I'm familiar with the "Blue Code", and feel for the IA guys as they are the true black sheep of the force. But my real problem with LEOs is the Police Unions who will go through great lengths to keep bad cops on the force.



posted on Nov, 27 2014 @ 11:46 PM
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a reply to: Xtrozero
Yeah I don't understand the stupid people training these "cowboy" tactics. Around 1988, my neighbor flipped his lid and was shooting off his shotgun in the air, raving like a madman. The cops didn't come and kill him in 2 seconds like cops today would have, they talked the guy down for over an hour and got him to surrender. There must either be a huge difference in training, or they are just letting way more idiots on the force. Maybe a combo of the two. All I know, is cops are now cowards, when they used to be not only tough as nails, but had brains and used them to boot.

edit on Thu, 27 Nov 2014 23:47:22 -0600 by TKDRL because: (no reason given)



posted on Nov, 28 2014 @ 12:48 AM
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originally posted by: TKDRL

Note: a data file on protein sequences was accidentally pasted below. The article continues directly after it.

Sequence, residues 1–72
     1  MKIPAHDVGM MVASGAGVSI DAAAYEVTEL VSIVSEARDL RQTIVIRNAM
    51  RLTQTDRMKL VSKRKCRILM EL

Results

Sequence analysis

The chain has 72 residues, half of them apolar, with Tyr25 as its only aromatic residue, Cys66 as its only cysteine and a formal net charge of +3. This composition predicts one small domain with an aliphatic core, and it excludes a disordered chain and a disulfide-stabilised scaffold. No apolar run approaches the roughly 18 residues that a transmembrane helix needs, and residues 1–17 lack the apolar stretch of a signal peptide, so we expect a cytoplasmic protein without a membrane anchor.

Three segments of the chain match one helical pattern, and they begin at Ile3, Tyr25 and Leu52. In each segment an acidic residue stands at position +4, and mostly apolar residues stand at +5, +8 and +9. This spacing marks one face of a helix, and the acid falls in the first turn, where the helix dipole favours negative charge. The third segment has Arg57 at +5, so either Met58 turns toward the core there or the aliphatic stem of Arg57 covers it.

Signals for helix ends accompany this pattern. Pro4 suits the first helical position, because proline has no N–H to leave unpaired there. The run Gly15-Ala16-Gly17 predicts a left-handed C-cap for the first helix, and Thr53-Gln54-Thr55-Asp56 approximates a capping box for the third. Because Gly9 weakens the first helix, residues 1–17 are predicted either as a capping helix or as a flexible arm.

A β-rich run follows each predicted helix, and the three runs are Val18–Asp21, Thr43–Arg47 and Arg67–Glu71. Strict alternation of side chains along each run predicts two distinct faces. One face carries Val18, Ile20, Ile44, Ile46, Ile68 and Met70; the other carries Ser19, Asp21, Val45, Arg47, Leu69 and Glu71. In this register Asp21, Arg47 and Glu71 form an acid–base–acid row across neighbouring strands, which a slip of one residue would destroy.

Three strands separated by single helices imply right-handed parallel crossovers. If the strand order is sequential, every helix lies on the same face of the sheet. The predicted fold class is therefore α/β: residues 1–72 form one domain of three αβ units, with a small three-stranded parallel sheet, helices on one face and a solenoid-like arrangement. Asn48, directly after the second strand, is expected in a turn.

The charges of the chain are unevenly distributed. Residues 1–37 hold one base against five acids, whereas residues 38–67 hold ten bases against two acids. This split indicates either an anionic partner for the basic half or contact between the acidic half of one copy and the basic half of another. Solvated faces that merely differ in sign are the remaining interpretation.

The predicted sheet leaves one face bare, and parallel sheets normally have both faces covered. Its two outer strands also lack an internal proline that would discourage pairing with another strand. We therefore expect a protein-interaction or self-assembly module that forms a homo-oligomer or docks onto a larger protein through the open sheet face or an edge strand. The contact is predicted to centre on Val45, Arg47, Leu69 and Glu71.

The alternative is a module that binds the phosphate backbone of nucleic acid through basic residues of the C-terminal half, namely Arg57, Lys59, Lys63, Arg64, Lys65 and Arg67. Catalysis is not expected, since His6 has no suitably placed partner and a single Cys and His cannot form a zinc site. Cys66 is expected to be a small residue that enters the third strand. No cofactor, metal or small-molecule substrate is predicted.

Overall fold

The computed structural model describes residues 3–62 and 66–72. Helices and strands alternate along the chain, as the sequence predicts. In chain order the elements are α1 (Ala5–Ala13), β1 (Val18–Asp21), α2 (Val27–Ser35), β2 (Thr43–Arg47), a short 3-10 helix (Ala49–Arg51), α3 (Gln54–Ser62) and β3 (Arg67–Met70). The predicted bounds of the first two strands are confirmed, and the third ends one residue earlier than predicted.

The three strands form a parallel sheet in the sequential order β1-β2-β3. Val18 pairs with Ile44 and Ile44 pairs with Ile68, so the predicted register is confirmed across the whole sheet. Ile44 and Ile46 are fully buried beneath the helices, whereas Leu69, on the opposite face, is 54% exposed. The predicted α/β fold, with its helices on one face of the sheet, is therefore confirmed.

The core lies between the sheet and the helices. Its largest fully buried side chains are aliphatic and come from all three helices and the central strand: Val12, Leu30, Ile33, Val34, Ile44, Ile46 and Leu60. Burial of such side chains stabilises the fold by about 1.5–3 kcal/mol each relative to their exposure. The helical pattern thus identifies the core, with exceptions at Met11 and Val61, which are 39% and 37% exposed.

a reply to: Xtrozero
Yeah I don't understand the stupid people training these "cowboy" tactics. Around 1988, my neighbor flipped his lid and was shooting off his shotgun in the air, raving like a madman. The cops didn't come and kill him in 2 seconds like cops today would have, they talked the guy down for over an hour and got him to surrender. There must either be a huge difference in training, or they are just letting way more idiots on the force. Maybe a combo of the two. All I know, is cops are now cowards, when they used to be not only tough as nails, but had brains and used them to boot.


I think it is a combination of training, lack of numbers and just an attitude that what ever they say must be complied with instantly, or extreme countermeasures are executed. In this case if the officers actually had a little distance and actually talked to the kid first they would have quickly found out that he had a toy gun.

Let me ask the posters here a question...

Is walking around with a toy gun illegal in anyway? Did the kid break a single law in his actions?



posted on Nov, 29 2014 @ 09:57 PM
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Yah sure, what the hell… just blaze away. Ferguson proved there is no accountability.



posted on Nov, 30 2014 @ 08:17 AM
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a reply to: CJPXS
Shooting is supposed to be the last resort. Shooting a leg is not only a bad idea because you can miss and hit a bystander, it is also a bad idea because it's not any less lethal. You will sever a major artery with a shot to the thigh.